3. Yelling ‘fire’ in a crowded theatre.
    This has everything to do with property rights. First of all, when you enter the movie theatre you are bound by the rules of the proprietor. This most likely includes not speaking at all during a film. If however with kind permission from the establishment you’re allowed to yell out ‘fire’ in the middle of a screening then so be it.

    This is an important example, as I hear that in the US, the government passed a law that makes it illegal for someone to yell ‘fire’ unnecessarily. Sadly this constitutes a restriction on free speech by the State. Even more unfortunately, this law doesn’t have to be made. The movie theatre can make it a contract (like a condition written on the back of the ticket) that when you enter you agree not to yell fire unnecessarily etc etc

    Man invented property rights as the solution to conflict over scarce resources. It only makes sense to view the world through the property rights lens.

    20000miles

    November 20, 2008 at 5:46 pm

  6. I find this whole thing is reductio ad absurdum, best demonstrated by arguing that the right to life is as aspect of property rights.

    Garibaldy

    November 20, 2008 at 6:12 pm

  7. Yes, believe it or not, right to life is an aspect of property rights. You can destroy yourself at any time.

    20000miles

    November 20, 2008 at 6:16 pm

  8. so do property rights exist before society in the way that the right to life does? Are all rights subordinate to property rights?

    Garibaldy

    November 20, 2008 at 7:42 pm

  9. As I said, whenever you claim a right, you’re claiming a property right.

    A sole property right means that you have complete control over how the ‘thing’ in question is used, who you lend it to, who you sell it to, who you exclude from using it, and when you choose to destroy it. This covers *all* physical things.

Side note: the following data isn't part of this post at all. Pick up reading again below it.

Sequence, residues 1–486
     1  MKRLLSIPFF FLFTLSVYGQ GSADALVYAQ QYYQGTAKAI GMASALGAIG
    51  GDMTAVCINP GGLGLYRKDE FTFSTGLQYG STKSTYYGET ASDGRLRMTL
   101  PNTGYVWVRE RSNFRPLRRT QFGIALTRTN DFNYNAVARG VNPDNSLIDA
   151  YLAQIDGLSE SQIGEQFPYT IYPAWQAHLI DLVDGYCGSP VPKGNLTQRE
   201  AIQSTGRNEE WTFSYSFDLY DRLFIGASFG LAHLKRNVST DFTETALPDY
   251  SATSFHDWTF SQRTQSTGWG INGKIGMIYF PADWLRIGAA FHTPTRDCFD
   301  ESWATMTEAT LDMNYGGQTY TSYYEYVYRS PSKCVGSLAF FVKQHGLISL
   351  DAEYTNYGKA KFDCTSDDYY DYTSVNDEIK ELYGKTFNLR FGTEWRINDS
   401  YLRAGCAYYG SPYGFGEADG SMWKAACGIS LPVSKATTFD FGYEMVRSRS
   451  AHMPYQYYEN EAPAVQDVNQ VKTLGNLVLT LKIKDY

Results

Is this what you’re getting at?

    20000miles

    November 20, 2008 at 8:04 pm

  10. The idea of natural rights includes rights that predate society, that are inherent in being a human. Whereas property rights only become possible within society, with some body to enforce recognition of rights, whether that is a warlord-cheftain or a modern democratic government. So I guess I am asking do you believe that property rights exist independent of society the way natural rights do.

    Garibaldy

    November 20, 2008 at 8:29 pm

  11. Short answer, yes. Property rights do, and have existed before the existence of a State (for example) to enforce them. So yes I do.

    20000miles

    November 20, 2008 at 8:38 pm

  12. Fair enough. I’ve never come across that before, hence my earlier bafflement.

    Garibaldy

    November 20, 2008 at 8:49 pm

  13. Cheers, I’m more of an economist in reality – philosophy/ethics/morals/rights are not my strongpoint. Whenever I delve into it in any detail it hardly ever goes well!

    20000miles

    November 20, 2008 at 8:53 pm

  14. ISIL’s Philosophy of Liberty gives a decent explanation of rights, highly recommended if you’ve haven’t already seen it:
    http://www.isil.org/resources/philosophy-of-liberty-english.swf

    Free Europe

    November 21, 2008 at 2:18 pm

  15. […] the core of libertarian principles have the potential to generate aggressive conflict. No. jfk, all rights are property rights, if you think about it. Conflicts are just violations of someone else’s corrolary property rights. […]

  16. What rubbish. Not all rights are property rights.

    S.J.

    August 22, 2014 at 8:18 am